Over the past year, the shed in the backyard has been deemed the “yard sale shed”. It slowly but surely filled to the brim. This past weekend we decided it was finally time to unload the goods and have our house’s very first, official 7th House yard sale.
We ended up selling almost everything and made a grand total of $903. Cha ching! The weather couldn’t have been more perfect… except for the fact that I totally underestimated the sun. I look like a lobster.
Yard Sale, Garage Sale, Tag Sale, Driveway Sale, Rummage Sale… Technically, we call it a “Yard Sale”, but we put “Tag Sale” on our signs. Everyone around our part of the country calls them “Yard Sales”, but by putting “Tag Sale” on the signs (which is what they call them in the Northeast), people are more likely to stop by. We literally had at least 20 people tell us they came just to see what a Tag Sale was.
Ever since I was about 15, my designated job at family yard sales is that of the cashier. I even have my own toy cash register. It was my brother’s when he was little and we’ve kept it around just for yard sales. I’ve always liked having this job because I get a chance to talk to people. We haven’t been in the neighborhood for long (“we” as in Greg and me. My family has lived in this neighborhood since I was 11!). It’s nice to get to know your neighbors a little better. For instance, I met a fascinating woman who has traveled all over the world, is a huge Disney World fan, an avid scrap-booker and a professional Origami instructor. How cool is that? She pulled a patio chair up next to me at the cashier table and we sat and talked about Australia and Disney World for a while.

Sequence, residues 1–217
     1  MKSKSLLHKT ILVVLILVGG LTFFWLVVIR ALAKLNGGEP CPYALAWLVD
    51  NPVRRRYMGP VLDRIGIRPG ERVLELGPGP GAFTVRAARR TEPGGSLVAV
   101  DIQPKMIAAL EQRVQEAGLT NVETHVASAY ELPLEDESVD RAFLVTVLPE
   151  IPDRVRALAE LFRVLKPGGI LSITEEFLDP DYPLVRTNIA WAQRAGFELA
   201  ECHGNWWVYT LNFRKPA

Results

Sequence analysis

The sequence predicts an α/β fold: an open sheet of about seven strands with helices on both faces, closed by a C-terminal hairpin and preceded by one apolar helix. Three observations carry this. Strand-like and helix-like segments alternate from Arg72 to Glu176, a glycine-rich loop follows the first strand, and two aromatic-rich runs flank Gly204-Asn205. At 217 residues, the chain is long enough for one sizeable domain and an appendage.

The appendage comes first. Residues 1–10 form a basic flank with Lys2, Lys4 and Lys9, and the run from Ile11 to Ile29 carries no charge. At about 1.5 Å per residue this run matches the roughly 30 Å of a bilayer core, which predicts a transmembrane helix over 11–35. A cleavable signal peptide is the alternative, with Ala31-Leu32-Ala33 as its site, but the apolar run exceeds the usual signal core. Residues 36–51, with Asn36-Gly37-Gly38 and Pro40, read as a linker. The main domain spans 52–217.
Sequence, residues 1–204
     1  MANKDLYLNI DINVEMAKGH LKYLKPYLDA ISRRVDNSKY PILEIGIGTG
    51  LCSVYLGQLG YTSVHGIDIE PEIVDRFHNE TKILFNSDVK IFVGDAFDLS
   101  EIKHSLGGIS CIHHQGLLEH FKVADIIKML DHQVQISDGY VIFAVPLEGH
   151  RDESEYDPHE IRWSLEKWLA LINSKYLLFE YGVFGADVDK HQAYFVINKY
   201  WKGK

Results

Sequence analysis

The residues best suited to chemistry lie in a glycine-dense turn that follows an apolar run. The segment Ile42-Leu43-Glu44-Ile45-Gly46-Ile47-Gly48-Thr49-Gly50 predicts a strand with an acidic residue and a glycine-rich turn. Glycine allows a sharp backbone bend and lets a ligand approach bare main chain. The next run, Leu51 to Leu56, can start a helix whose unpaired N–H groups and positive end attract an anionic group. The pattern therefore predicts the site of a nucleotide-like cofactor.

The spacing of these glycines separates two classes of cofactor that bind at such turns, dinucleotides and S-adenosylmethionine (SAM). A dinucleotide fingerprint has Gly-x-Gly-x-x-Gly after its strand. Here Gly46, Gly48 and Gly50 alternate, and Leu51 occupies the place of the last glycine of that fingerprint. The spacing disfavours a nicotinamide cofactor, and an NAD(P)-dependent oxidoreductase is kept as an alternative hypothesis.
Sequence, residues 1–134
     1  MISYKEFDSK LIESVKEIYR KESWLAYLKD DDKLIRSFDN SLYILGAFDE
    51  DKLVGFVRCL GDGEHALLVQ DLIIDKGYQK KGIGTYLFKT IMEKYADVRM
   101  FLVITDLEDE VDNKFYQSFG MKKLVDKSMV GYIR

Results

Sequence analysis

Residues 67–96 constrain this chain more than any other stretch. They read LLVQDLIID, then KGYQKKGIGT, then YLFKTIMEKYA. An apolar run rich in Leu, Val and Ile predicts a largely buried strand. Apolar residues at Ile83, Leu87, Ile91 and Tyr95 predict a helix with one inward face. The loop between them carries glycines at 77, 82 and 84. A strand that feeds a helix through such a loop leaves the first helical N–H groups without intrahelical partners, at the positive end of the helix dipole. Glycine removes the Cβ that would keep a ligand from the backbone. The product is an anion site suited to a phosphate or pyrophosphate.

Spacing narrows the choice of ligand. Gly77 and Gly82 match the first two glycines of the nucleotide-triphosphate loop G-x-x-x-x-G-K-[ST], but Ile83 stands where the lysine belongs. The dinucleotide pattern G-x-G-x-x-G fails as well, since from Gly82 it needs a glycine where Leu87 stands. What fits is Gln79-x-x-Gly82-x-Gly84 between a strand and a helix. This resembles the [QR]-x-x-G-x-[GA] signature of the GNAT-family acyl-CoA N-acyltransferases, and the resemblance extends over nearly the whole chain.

We also had fun hanging out with some of the neighborhood kids. One of the kids from down the street scored an exercise ball – to play with while riding his skateboard. Haha! His big brother (who’s 14) started his own lawn mowing company and offered to trade his expertise and highly recommended lawn mowing services for a small speaker system. Score!
In my book, an organized yard sale is a happy yard sale. By the end of the day, you’re tired, achy, hungry… and look like a lobster. But if you get started on the right foot, you can still have fun. We put together our 2 cents on how to pull off a successful (and fun!)
Tag Sale Yard Sale:
A FEW DAYS BEFORE
- Check with your local and community leaders to see if you need a yard sale permit. Our area doesn’t require one, but we hear some areas do.
- When making your posters, make sure they all look uniform (same handwriting, same color combo, etc). That way, it will be easy to spot if they are following them to your sale. Don’t put the date. Putting the date will just clutter up the sign. For example, you only need to put “Saturday at 7:00am”, everyone will automatically know it’s this Saturday. This is also make it convenient to use the signs for future yard sales.
- Unless you’re tied down to a tight schedule, don’t put an “until” time on your posters. We started at 7:00am and were planning on wrapping things up around noon, but we were still steadily selling stuff around 2:00 so we decided to stick around a bit longer.
- Put out signs in all major intersections near your home a few days before your yard sale. For instance, if your yard sale is going to be on Saturday morning, put the signs out Thursday night. People will see them driving to and from work on Friday.